Article Content

In conversations recorded in 1911, Auguste Rodin,1 the renowned French sculptor, discussed mystery in art:


People believe that we (artists) live only by our senses and that the world of appearances is enough for us. People take us for children who become inebriated by iridescent colors and who play with forms as if with dolls. People understand us poorly. Lines and shades are only signs of hidden realities for us. Beneath the surface (of things), our gaze plunges to the spirit, and then when we reproduce contours, we enrich them with the spiritual content they enclose. The artist worthy of the name must express the entire truth of Nature, not only the truth outside, but also, and above all, that of the inside.


Dino Cavallari's life work as a contemporary artist is in the spirit of Rodin. Gazing at his art, one senses a deep reverence for nature, a keen understanding of human suffering, and appreciation of the human story.


He draws out of the viewer a hidden empathy. His human forms are sculptural, and his use of vibrant color is compelling.


Born in Bondeno, Italy, in 1923, he is a long-time resident of France. He began his vocation as a painter at age 12 years. After his incarceration for resistance activities during World War II, he studied sculpture at the Institute d'Art Beato Angelico of Rome. Arriving in France in 1949, he enrolled in the Ecole des Beaux-Arts, but his health, as a result of his incarceration, prevented him from continuing as a sculptor and he turned his attention entirely to painting.


The range of subjects and the media he has used in his expressive art are both captivating and astounding. He has illustrated political uprisings on large corrugated paper in oil pastels, painted scenes of the Apocalypse on shapes of free-form wood, created icons in gold leaf and stained glass colors, made large crucifixes of wood with an image of Christ painted in oils, painted scenes of Muhammad's life and Whirling Dervishes, captured dreamlike scenes of his long-time residence in Burgundy, captured the essence of Beaulieu and Eze Village in precise pen and ink sketches, created large beautifully decorated boxes to hold his 170 illustrations of verses of the Bible, and has also illustrated book covers for many authors.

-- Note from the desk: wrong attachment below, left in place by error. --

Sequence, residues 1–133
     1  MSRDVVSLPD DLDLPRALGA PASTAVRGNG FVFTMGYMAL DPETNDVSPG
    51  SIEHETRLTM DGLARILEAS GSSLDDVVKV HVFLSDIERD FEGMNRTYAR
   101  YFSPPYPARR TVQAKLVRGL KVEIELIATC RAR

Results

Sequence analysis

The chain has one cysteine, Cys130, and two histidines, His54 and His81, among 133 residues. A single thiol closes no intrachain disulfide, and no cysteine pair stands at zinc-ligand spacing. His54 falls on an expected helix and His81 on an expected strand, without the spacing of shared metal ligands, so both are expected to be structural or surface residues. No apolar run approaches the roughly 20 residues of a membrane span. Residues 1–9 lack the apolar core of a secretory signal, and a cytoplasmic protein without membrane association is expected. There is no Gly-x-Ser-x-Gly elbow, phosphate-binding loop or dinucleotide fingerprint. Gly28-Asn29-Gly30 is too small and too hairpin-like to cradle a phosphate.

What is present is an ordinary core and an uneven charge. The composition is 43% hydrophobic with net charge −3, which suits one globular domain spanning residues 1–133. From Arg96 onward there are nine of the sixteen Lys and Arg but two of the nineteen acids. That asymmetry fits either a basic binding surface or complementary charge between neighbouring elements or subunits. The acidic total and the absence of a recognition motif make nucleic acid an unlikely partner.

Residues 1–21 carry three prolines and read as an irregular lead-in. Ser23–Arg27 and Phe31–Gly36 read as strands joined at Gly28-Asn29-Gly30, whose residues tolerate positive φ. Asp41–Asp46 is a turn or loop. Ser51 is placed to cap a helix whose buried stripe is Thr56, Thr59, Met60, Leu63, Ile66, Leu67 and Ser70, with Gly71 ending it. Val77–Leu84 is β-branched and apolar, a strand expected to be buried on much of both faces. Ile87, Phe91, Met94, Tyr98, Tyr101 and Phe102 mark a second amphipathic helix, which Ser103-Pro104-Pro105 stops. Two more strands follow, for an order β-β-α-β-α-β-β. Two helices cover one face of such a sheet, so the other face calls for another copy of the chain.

Dino expressed his own view of art and nature in conversations this summer at his home and studio in Sennevoy le Haut, Burgundy, France.


My art is the expression of my appreciation of nature in all its manifestations, including the life, movement, color and form of animals, trees, rivers, valleys and human beings all kindred in nature and spirit. For me this means the grasp of the richness of earth in our hands and in our spirits as artists. Thus, a work of art is a fusion of matter and spirit captured by the imagination but with care to technique and respect for the material that one uses in one's art.


My own method is simple; I work every day on any material available, be it wood, carton, paper or canvas. I am a compulsive painter. I paint on walls, I've painted many subjects almost without limit and they are on view here in my studio, my bedroom, the kitchen, on furniture and cabinets. My home is my gallery. In other words, I believe art is both a work and a passion. And it is a passion as strong as love for one's family and one's friends. It is a love at the deepest level of creation itself.


Dino Cavallari's paintings can be found in private collections and museums in France and abroad. In addition, he has illustrated works of literature by Sacha Guitry, Jean Cocteau, Paul Vaillant, Jean Larteguy, and Cervantes, as well as editions of the Bible, both Old and New Testament; The Life of Muhammad; and Herbert Mason's retelling of Gilgamesh and his The Death of al-Hallaj. He has said that the story of Gilgamesh opened up his imagination to then illustrate the Bible.


Two of his book cover illustrations can be viewed in full color at




1. Rodin A. Art: Conversations With Paul Gsell. Los Angeles, CA: University of California Press; 1984. (First published as L'Art: Entretiens Reunis par Paul Gsell. Paris, France: Bernard Grasset, Editeur; 1911). [Context Link]